David Stockman, the retiring budget director, leaves government to a chorus of praise unrivaled by that for any Cabinet-level official of any administration since Henry Kissinger. The parallels are deeper -- and more disturbing -- than you might think.
Stockman, like Kissinger, is a favorite of the Washington establishment, honored for his brilliance, admired for his technique and spared from accountability for the policy disasters in his area of responsibility.
In the case of David Stockman, I write those words with great sadness, for I had a personal affection for and relationship with him, which I certainly did not have with Kissinger. I met Stockman when he was a student at Harvard, played a minor middle-man role in his getting his first Washington job as a congressional staff aide, and watched admiringly the flowering of his career as a member of the House and the Reagan administration.
In a book published five years ago, I focused on Stockman as an exemplar of the "best and brightest" of the younger-generation conservatives. He became the most powerful and influential member of that generation in government -- which makes his fate all the more important to understand and lament.
Stockman was corrupted by a particularly insidious part of the Washington power game, a game that only Kissinger in my memory has played with comparable skill. He portrayed himself to the key figures in Congress, the press and the other parts of the permanent Washington power structure as the "reasonable man," striving to advance intelligent policy against the "crazies," those he characterized as ideologues and ignoramuses who were his colleagues in the administration.
At the same time, he portrayed himself to those colleagues as an invaluable asset to them, because of his influence and credibility with the Washington power structure. It was the classic Kissinger double-agent game, rationalized, in both cases, on the quite reasonable assumption that the end product would be better with the participation of a Stockman or a Kissinger than without.
Stockman went a step beyond Kissinger in collaborating willingly and knowingly in journalist William Greider's 1981 Atlantic Monthly magazine description of his role. The story made him a national figure and took him in for a "woodshed" treatment from President Reagan.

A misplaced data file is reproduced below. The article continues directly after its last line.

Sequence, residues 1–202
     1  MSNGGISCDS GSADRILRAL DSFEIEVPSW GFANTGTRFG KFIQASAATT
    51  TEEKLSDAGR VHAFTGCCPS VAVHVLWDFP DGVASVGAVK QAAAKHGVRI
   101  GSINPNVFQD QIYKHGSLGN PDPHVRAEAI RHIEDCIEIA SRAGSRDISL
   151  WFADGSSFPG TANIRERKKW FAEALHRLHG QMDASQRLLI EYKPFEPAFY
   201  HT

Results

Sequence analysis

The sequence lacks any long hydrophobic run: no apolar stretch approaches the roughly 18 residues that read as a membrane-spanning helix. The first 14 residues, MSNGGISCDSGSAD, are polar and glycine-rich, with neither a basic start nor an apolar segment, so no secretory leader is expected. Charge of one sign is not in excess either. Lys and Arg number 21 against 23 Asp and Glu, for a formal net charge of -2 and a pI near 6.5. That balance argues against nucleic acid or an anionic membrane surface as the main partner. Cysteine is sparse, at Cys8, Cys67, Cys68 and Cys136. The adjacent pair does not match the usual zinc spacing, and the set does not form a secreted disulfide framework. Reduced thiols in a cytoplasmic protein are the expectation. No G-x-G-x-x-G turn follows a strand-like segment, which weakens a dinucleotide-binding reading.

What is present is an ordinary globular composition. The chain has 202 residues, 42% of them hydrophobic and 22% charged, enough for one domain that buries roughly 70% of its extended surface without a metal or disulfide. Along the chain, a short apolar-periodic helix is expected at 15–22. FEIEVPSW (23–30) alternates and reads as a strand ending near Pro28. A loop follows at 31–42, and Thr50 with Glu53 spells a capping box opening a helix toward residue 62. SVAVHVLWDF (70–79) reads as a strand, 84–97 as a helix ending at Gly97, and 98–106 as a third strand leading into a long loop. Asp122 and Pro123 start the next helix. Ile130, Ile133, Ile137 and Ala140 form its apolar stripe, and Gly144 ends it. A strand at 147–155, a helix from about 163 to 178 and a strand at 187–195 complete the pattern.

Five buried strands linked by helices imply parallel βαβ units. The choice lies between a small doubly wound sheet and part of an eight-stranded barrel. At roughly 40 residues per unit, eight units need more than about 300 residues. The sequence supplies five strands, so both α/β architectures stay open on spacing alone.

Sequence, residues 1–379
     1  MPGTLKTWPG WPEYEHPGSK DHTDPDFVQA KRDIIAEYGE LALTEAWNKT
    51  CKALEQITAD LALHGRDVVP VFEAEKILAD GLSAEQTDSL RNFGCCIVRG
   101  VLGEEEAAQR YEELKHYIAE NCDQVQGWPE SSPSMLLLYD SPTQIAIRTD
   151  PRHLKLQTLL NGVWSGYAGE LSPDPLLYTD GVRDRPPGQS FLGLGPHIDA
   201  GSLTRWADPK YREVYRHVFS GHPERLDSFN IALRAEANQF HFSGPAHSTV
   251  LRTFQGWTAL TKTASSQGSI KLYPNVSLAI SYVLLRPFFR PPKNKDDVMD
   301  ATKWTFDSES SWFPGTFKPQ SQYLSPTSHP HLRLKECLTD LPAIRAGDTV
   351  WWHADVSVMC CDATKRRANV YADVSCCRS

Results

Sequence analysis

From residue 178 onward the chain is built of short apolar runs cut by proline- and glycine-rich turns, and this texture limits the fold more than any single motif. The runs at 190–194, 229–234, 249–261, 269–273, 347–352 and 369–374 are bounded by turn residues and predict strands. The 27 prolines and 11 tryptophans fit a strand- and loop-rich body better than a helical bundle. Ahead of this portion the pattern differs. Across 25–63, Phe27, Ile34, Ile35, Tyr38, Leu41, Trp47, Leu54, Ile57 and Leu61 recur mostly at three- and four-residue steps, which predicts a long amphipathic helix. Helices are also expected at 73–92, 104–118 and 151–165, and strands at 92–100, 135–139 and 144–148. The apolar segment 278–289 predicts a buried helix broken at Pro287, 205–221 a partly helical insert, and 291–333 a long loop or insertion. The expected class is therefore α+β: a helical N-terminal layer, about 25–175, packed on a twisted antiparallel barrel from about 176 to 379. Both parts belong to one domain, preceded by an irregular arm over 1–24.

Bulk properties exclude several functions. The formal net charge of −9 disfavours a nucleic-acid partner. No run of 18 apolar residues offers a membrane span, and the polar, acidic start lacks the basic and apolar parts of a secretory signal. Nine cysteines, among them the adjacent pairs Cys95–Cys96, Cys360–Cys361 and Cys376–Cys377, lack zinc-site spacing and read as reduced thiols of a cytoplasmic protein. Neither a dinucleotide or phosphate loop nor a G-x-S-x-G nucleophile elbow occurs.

In that article, he revealed in his own indelible phrases his deep-seated doubts about both the numbers and the policy rationale he supplied Congress and the public during the historic budget and tax debates in the first eight months of the Reagan administration.
Only the brilliance of his performance spared him from the accusation of complete cynicism from the critics of that program. Only the value of his intellect let him survive the desire for retribution from its genuine advocates. That was the time for a resignation on principle, but Stockman let it pass. He offered the president his resignation but did not press it when Reagan demurred. It was another proof of Lord Acton's aphorism, with a Washington variant: Power corrupts, and the prospect of losing power corrupts absolutely.
Restored to the bosom of the president and of the Washington power structure, Stockman saw no need to change his method of operations. During the last 3 1/2 years, he has continued to operate on the back- channel of "guidance" to the insiders, while molding his public statements to the prevailing political winds. During the 1984 campaign season, when Reagan was peddling blue-sky reassurances that America had found the key to perpetual economic growth that would shrink the budget deficits, Stockman was silent. Once the election was past, he quickly resumed issuing dire predictions of runaway deficits.
As his own resignation time approached, he became more and more publicly outspoken about the Draconian spending cuts that would be needed -- along with probable tax increases -- to stop the hemorrhage in the budget. For this belated candor, he has been praised.
The Kissinger parallels continue. Just as the great foreign policy maestro accepted a Nobel Peace Prize for his work on Vietnam, a tragedy of historic scale, so Stockman is graciously accepting praise from the politicians and the editorialists for presiding over an unparalleled disaster in U.S. fiscal policy.
Both men are smart enough to believe that if they just had their way, they could fix the problem they were supposed to fix. Both are arrogant enough to operate on the belief that deceiving the American people and their elected representatives is perfectly justifiable on many occasions.
Like Kissinger, Stockman will now take up the role of a wealthy entrepreneur and, assuredly, a frequent commentator in the press, on television and the lecture circuit, discussing the failings of his successors.
I am too old to worry about my own disappointment at the way this turned out. My concern is that Stockman's contemporaries will see him as the example they should emulate. As the first of his generation to achieve real power, it is a troubling legacy he leaves.